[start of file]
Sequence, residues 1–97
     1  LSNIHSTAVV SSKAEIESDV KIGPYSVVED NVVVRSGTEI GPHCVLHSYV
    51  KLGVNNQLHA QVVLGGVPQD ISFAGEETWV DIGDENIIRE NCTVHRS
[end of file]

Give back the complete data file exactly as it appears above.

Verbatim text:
Sequence, residues 1–97
     1  LSNIHSTAVV SSKAEIESDV KIGPYSVVED NVVVRSGTEI GPHCVLHSYV
    51  KLGVNNQLHA QVVLGGVPQD ISFAGEETWV DIGDENIIRE NCTVHRS